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How To Navigate the World Through The Eyes of a Toddler

Kids In Sports

By Kids In Sports

Posted December 9, 2017

The world can be an intimidating place for anyone, let alone through the eyes of a toddler. It is important as parents to be supportive and help children gain social skills at an early point in their development. There are 3 main factors that children rely on when it comes to developing their social skills at a young age and parents should be observant of these.

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Seeing

Seeing involves picking up on social cues and noticing context. Kids will observe the atmosphere they are in – is it casual or formal? They will observe the relationships between other children - are they friends or strangers? Different situations call for different kinds of behavior from your child so really try to put yourself in their shoes to help them become comfortable socially. If a child feels lost regarding how to act a new situation, answering the question, "What is everyone else doing?" may provide some hints about what to do. Monitoring others' reactions can also help children change course if things aren't going well. For instance, noticing, "She seems bored with this game" could prompt a child to suggest a new game or to ask the friend what she would like to do. Children who have trouble with social seeing often unwittingly annoy others. They may do things that are inappropriate for the context, such as being silly when everyone else is being serious. Worse, they may persist in doing annoying or upsetting things because they overlook the signs that others want them to stop (e.g., glaring at them, avoiding eye contact, moving away).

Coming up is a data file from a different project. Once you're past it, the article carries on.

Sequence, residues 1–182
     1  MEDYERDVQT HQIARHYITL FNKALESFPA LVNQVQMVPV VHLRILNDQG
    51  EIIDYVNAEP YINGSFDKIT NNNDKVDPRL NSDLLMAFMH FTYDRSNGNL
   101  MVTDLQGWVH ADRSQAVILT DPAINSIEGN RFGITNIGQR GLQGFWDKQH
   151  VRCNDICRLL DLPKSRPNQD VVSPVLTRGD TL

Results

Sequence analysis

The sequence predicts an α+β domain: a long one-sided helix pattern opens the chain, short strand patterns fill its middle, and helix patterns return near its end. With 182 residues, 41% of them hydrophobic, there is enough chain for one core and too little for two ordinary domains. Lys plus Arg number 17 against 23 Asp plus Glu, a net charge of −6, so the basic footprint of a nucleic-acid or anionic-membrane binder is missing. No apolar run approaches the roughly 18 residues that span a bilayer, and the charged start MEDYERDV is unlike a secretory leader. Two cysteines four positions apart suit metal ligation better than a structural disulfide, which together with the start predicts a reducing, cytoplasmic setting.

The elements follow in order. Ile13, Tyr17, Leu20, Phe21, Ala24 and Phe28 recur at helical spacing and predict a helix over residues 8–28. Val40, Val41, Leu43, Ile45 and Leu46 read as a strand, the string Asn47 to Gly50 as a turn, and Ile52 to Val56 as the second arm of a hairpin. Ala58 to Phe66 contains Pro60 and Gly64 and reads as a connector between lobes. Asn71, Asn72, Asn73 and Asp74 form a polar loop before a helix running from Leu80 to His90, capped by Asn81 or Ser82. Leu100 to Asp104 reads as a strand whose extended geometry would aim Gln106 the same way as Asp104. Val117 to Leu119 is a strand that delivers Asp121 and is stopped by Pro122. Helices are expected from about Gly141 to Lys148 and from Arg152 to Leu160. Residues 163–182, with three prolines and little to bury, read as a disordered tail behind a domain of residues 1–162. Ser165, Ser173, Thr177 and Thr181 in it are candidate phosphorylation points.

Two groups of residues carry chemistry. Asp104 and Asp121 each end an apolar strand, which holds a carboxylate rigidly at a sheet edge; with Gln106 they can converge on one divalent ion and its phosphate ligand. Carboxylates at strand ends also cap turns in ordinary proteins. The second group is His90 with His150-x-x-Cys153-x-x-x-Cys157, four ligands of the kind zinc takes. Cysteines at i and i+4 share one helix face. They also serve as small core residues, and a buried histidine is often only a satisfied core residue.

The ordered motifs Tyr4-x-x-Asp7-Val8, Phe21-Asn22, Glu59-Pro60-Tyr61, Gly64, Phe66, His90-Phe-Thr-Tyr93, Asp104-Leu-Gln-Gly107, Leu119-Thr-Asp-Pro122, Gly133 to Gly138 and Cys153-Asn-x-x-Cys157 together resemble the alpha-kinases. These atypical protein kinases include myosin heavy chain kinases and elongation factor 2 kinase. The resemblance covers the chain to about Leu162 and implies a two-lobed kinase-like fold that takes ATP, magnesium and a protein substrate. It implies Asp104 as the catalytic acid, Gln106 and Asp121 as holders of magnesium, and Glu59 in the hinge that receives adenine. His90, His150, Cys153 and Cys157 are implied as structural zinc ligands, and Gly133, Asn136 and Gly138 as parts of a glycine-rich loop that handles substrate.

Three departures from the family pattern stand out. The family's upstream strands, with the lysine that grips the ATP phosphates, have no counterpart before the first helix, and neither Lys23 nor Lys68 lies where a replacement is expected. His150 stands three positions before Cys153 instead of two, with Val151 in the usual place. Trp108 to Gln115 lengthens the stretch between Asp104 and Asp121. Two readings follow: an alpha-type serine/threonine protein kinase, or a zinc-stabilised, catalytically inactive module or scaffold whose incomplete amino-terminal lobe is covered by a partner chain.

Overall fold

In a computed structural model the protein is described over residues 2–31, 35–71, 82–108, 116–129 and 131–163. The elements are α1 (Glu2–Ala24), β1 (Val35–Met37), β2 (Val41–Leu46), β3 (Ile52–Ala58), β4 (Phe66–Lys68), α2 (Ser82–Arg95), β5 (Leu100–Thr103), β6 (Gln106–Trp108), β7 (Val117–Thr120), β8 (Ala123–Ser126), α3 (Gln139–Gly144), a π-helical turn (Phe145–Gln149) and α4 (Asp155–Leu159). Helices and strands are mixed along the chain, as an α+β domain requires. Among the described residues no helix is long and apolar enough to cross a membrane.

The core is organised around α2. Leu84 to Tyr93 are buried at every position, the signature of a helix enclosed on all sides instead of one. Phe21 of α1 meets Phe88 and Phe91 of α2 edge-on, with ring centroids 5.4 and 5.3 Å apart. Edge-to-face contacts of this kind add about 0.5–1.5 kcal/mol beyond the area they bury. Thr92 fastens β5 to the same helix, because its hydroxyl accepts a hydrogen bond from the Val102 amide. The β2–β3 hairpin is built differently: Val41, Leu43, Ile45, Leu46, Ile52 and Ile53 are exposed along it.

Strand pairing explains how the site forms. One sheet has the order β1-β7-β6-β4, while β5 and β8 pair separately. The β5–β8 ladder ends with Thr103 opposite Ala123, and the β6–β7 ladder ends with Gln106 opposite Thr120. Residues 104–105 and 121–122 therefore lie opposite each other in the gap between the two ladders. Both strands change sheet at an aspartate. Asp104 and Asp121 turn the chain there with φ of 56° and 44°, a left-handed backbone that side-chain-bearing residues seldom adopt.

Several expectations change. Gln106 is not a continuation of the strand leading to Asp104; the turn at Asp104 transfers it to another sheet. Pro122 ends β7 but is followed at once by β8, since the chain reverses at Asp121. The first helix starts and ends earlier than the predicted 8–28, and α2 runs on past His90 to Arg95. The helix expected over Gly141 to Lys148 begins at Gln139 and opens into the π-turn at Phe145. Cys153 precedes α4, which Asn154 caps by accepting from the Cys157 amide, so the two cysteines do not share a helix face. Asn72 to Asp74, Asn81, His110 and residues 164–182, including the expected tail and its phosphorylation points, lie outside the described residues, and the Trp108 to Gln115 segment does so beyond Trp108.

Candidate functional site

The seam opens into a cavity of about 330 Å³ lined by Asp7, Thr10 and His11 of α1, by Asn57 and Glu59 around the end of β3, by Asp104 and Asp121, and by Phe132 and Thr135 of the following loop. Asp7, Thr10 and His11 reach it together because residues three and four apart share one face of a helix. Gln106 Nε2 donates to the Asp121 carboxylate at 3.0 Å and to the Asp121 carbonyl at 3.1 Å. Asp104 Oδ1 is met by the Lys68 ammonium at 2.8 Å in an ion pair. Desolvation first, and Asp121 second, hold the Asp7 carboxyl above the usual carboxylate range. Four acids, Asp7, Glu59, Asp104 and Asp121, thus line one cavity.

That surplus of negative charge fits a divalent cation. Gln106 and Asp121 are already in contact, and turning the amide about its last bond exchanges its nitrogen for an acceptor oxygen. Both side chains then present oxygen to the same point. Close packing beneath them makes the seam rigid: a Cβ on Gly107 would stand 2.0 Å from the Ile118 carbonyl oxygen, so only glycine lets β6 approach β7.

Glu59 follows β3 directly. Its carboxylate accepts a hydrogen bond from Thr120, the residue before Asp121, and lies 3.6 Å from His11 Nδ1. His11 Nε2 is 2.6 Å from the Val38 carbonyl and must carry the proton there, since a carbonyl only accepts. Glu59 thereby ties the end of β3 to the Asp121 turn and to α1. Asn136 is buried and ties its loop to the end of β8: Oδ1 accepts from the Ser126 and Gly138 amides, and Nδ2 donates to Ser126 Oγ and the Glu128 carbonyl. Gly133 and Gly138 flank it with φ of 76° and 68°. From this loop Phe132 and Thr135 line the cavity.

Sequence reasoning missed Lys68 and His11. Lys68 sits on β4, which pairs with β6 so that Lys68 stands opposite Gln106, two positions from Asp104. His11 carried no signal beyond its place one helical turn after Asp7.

Thinking

Thinking in social settings involves interpreting other children's behavior to understand why they're doing what they're doing. Are they being playful or aggressive? Was it deliberate or accidental? It also means being able to predict others' likely responses and to come up with effective strategies for influencing peers in desired ways. Research on social cognition  tells us that children who struggle socially often misinterpret others' intentions. For instance, aggressive children are more likely than other children to view a peers' behavior as stemming from deliberate meanness. They're also less able to come up with constructive strategies for resolving social difficulties.

Doing

Doing in a social context means interacting with peers in positive ways. Some children know what they ought to do, but have trouble actually doing it. For instance, they may want to join a conversation, but they feel anxious and freeze up, so they say nothing. Other children tend to act impulsively, blurting out inappropriate comments.